a woman rests her head on another person's shoulder

A Coming (Out) Of Age Story

Looking back on my childhood, a lot of things about me then make sense about the person I am now.

I was always what you would call a tomboy. I hated anything considered “girly.” Dolls, dress up, painting my nails/make-up, etc. I was always more interested in what the boys were into; sports, rough housing, video games. There was nothing girly about me—ever. Which makes sense considering the fact that I grew up with an older brother and running around our neighborhood with him and the other neighborhood boys. At that time, I didn’t see anything wrong with myself. I was still extremely young and didn’t really care about what the world thought of me. Yet.

As I got older, I thought maybe I would start to grow out of this tomboy “phase.” But I could just never get myself to be interested in what typical girls my age were into. I was still running around with the boys, I had more things in common with them. I played travel club soccer and never quite felt like I fit in with my teammates because off of the field, I wasn’t “feminine” enough for them. We were starting to hit the age where a “normal” girl would start thinking boys are cute and generally noticing them more. Did I think some boys were cute? Yeah, I did. But something deep down inside of me always just felt… off. I started noticing people thought I was different and weird because I dressed like a “boy,” which was just sports clothes because I was an athlete. I started slowly realizing something might be different about me but couldn’t quite put my finger on what. Yet.

Once I hit late elementary/early junior high school, I started having thoughts that I dared not share with anyone. I started feeling ways towards girls that girls should feel towards boys. I had thoughts like, “Wow dude, I wish I would’ve been a boy so I could have a girlfriend.”

Did I ever really want to be a boy? No, but it was the only thing that made sense. At that moment in time, I couldn’t fathom the idea of myself gay. I couldn’t comprehend it. It just wasn’t clicking in my head. Until it did. Until I started having feelings towards girls I knew. Feelings that girls were only supposed to have towards boys. I was terrified and confused. I felt lost. I remember desperately trying to convince myself, “No she’s just a really good friend that you really care about. That’s it. That’s all!” I would cry myself to sleep. I was angry all the time from the confusion. I was depressed. I started self-harming.

Why wasn’t I normal?

The more the realization started to hit me, the further I pushed myself into denial. I still dressed like a tomboy for the most part, but I tried making somewhat of an effort to look “nicer,” which I realize now meant more feminine. I tried putting my interest and attraction in boys. I had boyfriends. But it always just felt wrong. Forced. Like I was putting on a show. I grinned and beared it. Maybe I wasn’t gay after all. This notion again only pushed me even further into denial. I hated myself. I hated looking in the mirror. I hated who I was. Then something happened—I somehow managed to find my first girlfriend.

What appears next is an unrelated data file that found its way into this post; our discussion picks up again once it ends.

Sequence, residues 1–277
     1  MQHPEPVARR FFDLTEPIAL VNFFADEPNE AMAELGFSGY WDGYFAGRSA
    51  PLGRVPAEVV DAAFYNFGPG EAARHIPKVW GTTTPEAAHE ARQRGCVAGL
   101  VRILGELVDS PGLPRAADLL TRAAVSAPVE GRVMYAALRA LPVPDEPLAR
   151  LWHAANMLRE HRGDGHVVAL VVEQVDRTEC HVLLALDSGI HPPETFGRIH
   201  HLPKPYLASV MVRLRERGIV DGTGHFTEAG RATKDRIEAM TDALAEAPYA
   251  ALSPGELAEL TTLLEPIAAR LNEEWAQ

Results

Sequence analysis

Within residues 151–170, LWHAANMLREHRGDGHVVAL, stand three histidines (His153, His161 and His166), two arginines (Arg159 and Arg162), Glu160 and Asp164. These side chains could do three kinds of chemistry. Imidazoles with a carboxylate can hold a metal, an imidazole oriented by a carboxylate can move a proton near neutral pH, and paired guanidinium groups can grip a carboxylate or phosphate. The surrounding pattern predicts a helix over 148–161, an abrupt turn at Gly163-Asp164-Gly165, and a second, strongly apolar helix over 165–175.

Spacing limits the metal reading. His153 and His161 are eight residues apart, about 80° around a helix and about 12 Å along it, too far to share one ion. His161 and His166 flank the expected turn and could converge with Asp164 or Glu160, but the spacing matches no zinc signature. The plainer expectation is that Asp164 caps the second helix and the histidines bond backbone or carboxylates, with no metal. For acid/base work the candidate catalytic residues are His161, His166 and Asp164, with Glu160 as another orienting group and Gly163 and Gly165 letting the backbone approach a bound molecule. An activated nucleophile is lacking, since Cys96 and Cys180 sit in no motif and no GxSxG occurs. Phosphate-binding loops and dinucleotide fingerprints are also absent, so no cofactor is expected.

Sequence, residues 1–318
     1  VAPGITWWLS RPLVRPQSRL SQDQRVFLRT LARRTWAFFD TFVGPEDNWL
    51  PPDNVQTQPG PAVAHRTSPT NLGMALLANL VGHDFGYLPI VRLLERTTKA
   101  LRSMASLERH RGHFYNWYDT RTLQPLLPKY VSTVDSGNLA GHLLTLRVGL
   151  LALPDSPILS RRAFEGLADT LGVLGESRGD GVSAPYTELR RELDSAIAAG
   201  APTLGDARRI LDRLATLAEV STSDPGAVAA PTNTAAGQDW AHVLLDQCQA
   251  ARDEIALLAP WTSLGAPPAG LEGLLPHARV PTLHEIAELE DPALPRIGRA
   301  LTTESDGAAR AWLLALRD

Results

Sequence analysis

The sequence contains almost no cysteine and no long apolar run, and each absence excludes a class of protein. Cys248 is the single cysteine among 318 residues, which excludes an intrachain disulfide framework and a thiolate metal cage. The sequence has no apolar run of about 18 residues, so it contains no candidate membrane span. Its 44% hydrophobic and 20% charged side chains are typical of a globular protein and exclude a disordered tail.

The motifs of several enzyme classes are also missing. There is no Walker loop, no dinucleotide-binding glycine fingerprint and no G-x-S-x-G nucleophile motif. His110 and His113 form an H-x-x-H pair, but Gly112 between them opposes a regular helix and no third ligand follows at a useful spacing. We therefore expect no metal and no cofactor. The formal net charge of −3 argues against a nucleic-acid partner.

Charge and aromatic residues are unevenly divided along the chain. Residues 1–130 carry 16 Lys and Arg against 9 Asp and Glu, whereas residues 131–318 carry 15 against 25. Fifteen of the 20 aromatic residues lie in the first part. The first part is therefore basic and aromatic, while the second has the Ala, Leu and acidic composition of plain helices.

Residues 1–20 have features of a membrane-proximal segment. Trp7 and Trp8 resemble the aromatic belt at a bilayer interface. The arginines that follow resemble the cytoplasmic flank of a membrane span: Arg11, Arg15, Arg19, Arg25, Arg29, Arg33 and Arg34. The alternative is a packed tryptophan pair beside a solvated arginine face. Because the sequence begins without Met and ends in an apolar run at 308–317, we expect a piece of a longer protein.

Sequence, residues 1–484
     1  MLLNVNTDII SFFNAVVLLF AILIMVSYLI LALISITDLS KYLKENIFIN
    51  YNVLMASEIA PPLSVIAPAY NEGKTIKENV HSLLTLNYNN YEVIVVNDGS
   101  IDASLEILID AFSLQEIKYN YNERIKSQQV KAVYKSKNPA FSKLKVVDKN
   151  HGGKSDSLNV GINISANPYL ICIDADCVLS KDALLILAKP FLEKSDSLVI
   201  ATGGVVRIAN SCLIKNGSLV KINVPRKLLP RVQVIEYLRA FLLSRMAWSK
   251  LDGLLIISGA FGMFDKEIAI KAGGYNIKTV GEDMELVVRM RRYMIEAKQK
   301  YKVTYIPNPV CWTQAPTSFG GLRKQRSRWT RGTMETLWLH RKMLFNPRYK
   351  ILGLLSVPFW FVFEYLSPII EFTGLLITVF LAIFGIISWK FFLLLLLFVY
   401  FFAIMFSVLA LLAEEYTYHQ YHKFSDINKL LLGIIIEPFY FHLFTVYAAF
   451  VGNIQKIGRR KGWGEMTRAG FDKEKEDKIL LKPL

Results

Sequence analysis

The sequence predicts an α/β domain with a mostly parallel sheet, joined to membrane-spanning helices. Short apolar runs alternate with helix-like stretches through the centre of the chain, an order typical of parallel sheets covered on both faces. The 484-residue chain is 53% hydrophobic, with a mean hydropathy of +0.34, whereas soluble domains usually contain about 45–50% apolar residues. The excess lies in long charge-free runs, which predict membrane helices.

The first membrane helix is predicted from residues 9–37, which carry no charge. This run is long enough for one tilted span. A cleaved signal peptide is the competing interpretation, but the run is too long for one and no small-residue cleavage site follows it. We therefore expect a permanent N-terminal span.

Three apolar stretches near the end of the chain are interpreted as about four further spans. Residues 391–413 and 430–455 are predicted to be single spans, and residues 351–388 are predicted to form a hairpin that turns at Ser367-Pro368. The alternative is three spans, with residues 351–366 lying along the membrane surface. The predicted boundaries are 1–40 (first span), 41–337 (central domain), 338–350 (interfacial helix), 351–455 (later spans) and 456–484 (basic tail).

This was a whirlwind of emotions. I was still confused and terrified. But for the first time in my life, I was excited about how I was feeling about another person. I had all of these feelings that I hadn’t really had the chance to experience before, all of the ones I had heard my friends talk about. It was a constant rollercoaster of excitement and happiness, back to dread and fear. She and I had the same group of friends, and they were the only ones who knew. My parents found out, and they were not accepting. I was forbidden from ever seeing her outside of school. I was told “it’s just a phase.” During that time, I wanted to crawl into the deepest hole I could find. I was embarrassed. I felt disgusting. I wanted out of my own body. I didn’t want to be who I was. Even though I still had my girlfriend, I went back into denial. I bartered with myself. “You’re not gay, you’ve had boyfriends,” is something I would tell myself everyday with conviction, because it’s what I heard being echoed around me.

That relationship would go on to end and I went out and had nothing but boyfriends after her. Was I doing it to appease those around me? Or was I doing it because I was trying to convince myself that I was something that I wasn’t? One of the few boyfriends that I had ended up cheating on me, and I remember the day so clear and vividly. I was sobbing uncontrollably. Don’t get me wrong, it’s completely normal to be upset about a relationship ending and being cheated on, but I was so distressed and rattled for other reasons. I was slowly starting to come to terms that I couldn’t keep doing this to myself. I was doing a disservice to myself by pretending to be something I wasn’t to keep those around me happy and satisfied. It was detrimental. It was a mix of putting on a show with the internalized homophobia that had finally taken its toll on me. This wasn’t who I was.